Elizabeth Arkush

I am an anthropological archaeologist of Andean South America.   My research has centered on warfare and its relationships to political power and social identity.  I am particularly interested in the potential of spatial and regional approaches, including GIS analysis, to illuminate social processes.

My research in Peru’s Lake Titicaca Basin addresses the later part of the prehispanic sequence after the collapse of the state of Tiwanaku about A.D. 1000, a time of widespread conflict and resource scarcity.   I am interested in how these crises were experienced, and how they affected social hierarchies, political and economic networks, and religious practice.  My fieldwork has particularly focused on fortified hilltop villages or pukaras in the northern basin: their regional distribution, their chronology, their internal organization, and the underlying reasons for the conflict they indicate. Some of my publications can be downloaded from the Publications page. 

Some current and recent projects include:

  1. Proyecto Machu Llaqta (2009-2013), a survey and excavation project on social organization and community dynamics at a major pukara.

  2. Proyecto Pucarani (2015), a study of defensive architecture and organization at one of the largest pukaras in the Titicaca Basin.

  3. The Lake Core Biomarkers project (2015-present), a collaborative investigation of human biomarkers in lake sediment in the Titicaca Basin.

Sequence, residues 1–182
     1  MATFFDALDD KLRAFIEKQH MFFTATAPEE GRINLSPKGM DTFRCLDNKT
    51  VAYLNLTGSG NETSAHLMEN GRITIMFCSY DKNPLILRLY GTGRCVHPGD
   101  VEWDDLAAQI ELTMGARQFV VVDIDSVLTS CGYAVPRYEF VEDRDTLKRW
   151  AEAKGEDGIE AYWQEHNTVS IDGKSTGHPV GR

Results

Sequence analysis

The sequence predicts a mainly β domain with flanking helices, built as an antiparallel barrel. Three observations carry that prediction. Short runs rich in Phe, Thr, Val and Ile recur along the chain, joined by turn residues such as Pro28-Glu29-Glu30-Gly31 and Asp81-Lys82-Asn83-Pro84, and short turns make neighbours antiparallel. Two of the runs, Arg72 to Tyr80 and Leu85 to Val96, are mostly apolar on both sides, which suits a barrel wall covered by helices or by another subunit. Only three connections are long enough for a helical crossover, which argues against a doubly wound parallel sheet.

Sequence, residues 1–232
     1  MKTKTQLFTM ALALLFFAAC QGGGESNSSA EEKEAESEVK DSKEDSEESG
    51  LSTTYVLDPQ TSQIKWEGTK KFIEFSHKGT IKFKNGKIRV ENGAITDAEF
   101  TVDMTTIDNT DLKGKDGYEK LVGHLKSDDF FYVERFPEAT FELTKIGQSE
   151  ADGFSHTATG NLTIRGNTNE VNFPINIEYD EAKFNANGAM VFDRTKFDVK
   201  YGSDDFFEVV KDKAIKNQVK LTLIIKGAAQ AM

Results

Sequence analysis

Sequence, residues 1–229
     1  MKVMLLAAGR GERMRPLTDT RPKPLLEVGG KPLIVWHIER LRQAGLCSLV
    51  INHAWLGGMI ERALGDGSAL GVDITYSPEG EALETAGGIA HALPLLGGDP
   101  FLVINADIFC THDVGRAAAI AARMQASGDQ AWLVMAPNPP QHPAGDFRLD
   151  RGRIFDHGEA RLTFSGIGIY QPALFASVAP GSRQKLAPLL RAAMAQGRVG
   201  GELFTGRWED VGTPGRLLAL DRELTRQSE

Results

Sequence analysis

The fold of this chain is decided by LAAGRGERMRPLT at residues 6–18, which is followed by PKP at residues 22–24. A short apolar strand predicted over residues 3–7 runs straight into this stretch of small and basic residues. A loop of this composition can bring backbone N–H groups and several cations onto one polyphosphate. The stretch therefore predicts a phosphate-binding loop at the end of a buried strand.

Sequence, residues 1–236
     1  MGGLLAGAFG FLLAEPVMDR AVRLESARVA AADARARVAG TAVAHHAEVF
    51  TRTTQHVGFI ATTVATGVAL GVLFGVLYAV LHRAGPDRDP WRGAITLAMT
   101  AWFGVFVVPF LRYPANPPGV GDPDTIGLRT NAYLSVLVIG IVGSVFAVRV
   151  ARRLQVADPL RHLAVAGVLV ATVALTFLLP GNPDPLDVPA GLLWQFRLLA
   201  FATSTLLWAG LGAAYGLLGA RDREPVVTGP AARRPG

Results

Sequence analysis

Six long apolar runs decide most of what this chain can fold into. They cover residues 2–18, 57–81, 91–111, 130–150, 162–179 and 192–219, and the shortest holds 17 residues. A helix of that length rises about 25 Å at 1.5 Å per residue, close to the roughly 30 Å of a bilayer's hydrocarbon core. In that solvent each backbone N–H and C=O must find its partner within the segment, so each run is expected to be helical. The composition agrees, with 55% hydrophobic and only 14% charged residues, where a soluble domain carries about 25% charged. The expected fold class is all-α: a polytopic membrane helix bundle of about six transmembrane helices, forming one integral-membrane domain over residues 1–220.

4. Charting Andean Warfare over space and time (ongoing).

I am deeply intrigued by the varied faces of warfare in practice, representation, and performance over the course of Andean prehistory.   I think of warfare as neither an extraordinary crisis nor a normal state of affairs, but a multifaceted social institution which, as it ravaged lives, families, and communities, also generated power relationships, defined and maintained social boundaries, informed gender identities, and supplied a rich source of images and narratives to be interwoven with belief and expressed in material culture.  My approach is informed both by the work of archaeologists and anthropologists on pre-modern warfare globally, and by broader social science perspectives on contemporary ethnic and sectarian conflict. 



Elizabeth Arkush

Department of Anthropology

3302 Wesley W. Posvar Hall

230 S. Bouquet St.

Pittsburgh, PA 15260


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University of Pittsburgh